Land VAT is levied on the value added through the sale of real estate. Value added is calculated as the difference between the amount of the income derived from the sale and the amount of certain deductible items.
The rates of land VAT are progressive, depending on the extent of the value added:
For the portion of the value added amount that is no more than 50% of the amount of the deductible items, the rate is 30%.
For the portion of the value added amount that is more than 50% of the amount of the deductible items but no more than 100% of the amount of the deductible items, the rate is 40%.
For the portion of the value added amount that is more than 100% of the amount of the deductible items but no more than 200% of the amount of the deductible items, the rate is 50%.
For the portion of the value added amount that is more than 200% of the amount of the deductible items, the rate is 60%.
There are certain exemptions from land VAT, and the common ones are:
Transfers of ordinary standard residential buildings (excluding luxury apartments, villas and holiday resorts) if the value added is less than 20% of total deductions.
Where, as part of a merger between two or more enterprises, one enterprise assigns real estate to another enterprise participating in that merger (this is a temporary exemption from land VAT).
Where one party contributes land, another party contributes funds and the two parties co-operate in the construction of buildings, there is a temporary exemption from land VAT when the completed buildings are allocated between the two parties for self-use.
When real estate is used as capital contribution into a real estate enterprise or contributed by a real estate enterprise, no exemption applies; otherwise, an exemption may apply.
Stamp duty is payable on the sale and purchase agreement. The rate is 0.05% of the contract price, payable by each party. Taxpayers are required to calculate the amount of the stamp duty and to purchase and attach duty stamps to the taxable document. Duty stamps should be attached to taxable documents when they are drawn up or received. If a contract is signed outside China, stamp duty should be paid when it is implemented in China.
Business tax and a surcharge are payable on the sale of real estate. The transferor pays, and the combined rate is 5.5% of the transfer price. Where a transferor contributes real estate in exchange for equity interest, that capital contribution will not be subject to business tax.
Deed tax is payable on the sale of real estate. It is paid by the buyer, and the rate is 3% to 5% depending on the location of the property. Deed tax is exempted in mergers and demergers.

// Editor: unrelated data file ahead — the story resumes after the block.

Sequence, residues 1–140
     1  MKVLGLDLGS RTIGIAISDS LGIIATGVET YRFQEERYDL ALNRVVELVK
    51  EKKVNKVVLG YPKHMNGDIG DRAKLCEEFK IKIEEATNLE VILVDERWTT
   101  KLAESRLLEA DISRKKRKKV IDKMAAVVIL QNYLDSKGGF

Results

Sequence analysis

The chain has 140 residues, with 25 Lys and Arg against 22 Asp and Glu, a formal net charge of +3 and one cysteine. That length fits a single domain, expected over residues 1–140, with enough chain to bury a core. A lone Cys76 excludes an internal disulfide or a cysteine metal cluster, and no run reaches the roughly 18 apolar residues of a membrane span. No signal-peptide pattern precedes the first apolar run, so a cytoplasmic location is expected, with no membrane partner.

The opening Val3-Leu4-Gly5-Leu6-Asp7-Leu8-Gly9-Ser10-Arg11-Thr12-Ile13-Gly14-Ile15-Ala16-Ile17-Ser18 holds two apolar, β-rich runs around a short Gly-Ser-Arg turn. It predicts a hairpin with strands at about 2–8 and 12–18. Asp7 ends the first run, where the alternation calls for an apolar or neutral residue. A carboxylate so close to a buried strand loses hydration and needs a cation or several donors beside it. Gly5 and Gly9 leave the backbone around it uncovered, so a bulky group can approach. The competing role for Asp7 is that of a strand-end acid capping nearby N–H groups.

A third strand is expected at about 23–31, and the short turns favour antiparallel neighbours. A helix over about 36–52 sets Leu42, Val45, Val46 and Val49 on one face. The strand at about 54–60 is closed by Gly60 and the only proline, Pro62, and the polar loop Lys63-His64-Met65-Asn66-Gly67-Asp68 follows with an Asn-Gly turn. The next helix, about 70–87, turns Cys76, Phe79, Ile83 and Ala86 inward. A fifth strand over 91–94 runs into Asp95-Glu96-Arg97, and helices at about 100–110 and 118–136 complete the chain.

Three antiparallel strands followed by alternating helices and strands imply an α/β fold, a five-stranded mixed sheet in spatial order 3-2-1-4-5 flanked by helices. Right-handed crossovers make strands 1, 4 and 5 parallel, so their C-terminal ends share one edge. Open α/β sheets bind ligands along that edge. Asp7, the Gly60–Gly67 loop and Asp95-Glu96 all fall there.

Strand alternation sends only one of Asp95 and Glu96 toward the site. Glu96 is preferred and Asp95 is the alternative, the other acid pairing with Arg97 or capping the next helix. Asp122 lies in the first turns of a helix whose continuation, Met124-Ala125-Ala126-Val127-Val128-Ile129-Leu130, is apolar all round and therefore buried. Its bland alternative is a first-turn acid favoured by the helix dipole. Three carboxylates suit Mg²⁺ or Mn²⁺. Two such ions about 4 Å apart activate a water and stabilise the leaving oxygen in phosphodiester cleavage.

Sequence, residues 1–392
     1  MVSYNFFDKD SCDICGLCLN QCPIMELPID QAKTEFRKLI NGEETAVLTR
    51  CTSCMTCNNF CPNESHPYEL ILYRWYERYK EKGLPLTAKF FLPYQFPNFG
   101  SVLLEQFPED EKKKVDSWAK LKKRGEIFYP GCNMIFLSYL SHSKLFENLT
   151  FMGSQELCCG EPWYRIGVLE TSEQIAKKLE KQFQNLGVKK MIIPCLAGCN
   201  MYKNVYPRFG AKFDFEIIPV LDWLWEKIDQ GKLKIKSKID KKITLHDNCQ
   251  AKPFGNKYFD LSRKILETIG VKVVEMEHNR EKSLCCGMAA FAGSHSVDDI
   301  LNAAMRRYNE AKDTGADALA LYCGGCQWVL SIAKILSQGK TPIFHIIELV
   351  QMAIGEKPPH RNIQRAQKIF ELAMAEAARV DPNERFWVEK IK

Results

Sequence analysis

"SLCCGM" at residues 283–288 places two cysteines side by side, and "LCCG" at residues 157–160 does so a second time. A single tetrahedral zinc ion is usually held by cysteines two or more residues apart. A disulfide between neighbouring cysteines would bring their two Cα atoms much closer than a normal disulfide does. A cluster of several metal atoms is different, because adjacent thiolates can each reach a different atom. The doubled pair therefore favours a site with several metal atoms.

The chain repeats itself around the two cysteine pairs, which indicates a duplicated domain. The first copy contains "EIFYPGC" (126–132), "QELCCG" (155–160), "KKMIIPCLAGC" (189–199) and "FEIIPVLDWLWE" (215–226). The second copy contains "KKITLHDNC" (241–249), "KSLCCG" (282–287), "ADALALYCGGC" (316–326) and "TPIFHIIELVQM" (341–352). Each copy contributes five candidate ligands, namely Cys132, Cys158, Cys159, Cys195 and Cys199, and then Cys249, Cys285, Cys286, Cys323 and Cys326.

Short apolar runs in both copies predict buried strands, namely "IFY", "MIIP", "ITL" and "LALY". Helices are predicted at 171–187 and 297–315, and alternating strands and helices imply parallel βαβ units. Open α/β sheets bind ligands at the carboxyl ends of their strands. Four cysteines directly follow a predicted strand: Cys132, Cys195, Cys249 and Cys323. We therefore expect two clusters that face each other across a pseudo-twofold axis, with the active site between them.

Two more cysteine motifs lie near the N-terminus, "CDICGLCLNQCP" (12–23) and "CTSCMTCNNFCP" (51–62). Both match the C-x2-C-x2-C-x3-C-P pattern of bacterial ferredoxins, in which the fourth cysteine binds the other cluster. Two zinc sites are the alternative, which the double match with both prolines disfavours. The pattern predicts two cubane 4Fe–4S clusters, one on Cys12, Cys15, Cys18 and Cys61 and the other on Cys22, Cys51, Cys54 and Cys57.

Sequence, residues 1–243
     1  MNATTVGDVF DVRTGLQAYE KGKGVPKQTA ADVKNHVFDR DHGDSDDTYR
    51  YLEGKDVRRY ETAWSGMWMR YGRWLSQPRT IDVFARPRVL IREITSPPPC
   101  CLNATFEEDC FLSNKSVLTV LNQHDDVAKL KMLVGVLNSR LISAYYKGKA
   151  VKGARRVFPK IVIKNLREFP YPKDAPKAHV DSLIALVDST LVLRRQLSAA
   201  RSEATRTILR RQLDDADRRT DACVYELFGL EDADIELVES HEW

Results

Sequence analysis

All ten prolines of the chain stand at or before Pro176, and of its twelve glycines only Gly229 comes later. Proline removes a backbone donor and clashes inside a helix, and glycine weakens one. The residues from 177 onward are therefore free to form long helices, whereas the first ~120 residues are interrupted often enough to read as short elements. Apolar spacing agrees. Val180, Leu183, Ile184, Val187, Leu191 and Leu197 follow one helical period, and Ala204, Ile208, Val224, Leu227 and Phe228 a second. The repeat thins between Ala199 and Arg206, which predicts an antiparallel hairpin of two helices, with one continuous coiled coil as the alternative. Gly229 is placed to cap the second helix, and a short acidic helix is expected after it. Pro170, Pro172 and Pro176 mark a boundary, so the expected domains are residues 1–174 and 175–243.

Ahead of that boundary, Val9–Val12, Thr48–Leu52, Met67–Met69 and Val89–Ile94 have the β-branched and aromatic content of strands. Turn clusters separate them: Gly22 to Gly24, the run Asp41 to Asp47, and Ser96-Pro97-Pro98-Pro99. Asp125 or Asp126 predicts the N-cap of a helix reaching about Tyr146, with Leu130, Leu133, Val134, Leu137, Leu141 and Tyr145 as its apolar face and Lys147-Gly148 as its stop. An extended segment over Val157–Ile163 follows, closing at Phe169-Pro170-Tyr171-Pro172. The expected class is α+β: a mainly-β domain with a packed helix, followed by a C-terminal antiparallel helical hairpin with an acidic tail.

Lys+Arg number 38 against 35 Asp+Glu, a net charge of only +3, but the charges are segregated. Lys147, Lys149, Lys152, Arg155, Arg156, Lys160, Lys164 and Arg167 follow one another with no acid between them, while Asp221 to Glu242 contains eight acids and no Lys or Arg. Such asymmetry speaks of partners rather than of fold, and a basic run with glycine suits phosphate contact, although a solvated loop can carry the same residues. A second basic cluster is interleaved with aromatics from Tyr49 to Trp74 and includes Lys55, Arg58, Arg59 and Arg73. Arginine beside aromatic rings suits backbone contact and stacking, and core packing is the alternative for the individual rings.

Some developers have tried to retain a portion of the property so that they do not have to make a final settlement of land VAT. Some developers have tried to pay land VAT according to a deemed rate that they negotiated with the tax bureau. However, the enforcement of land VAT has become increasingly strict.
While there are not any specific targets to reduce greenhouse gas emissions from buildings, the Energy Construction Design Standards for Civil Buildings (Heating Residential Buildings) released by the Ministry of Housing and Urban-Rural Development of the PRC, which came into force on 1 July 1996, stipulates the relevant minimum energy efficiency criteria for certain buildings.
Generally, it is not common for large property holding companies to outsource as these companies can use their own affiliates to deal with these matters. Of course, there are some other companies, which are usually small and medium-sized companies, using professional property managers to manage their real estate portfolios.
At present only foreign individuals working or studying in China for a term exceeding one year can purchase one residential property in China for their own personal use. For corporations, only a foreign corporation's branch or representative office in China can purchase non-residential property for its own business use in the city where that branch or representative office is registered.
All foreign companies or individuals seeking to invest in real estate in China must establish a company in the PRC to carry out the investment activities.
There are generally no other restrictions on foreign ownership or occupation of real estate.
The change of control of a PRC company does not affect its title to real estate as the ownership of the real estate is vested in, and registered under the name of, the company itself and not the shareholder(s). However, it is important to note that in some circumstances, change of control requires the approval of the relevant government authorities (for example, the Ministry of Commerce or its local branch office). At present, there are quite stringent approval requirements in respect of both: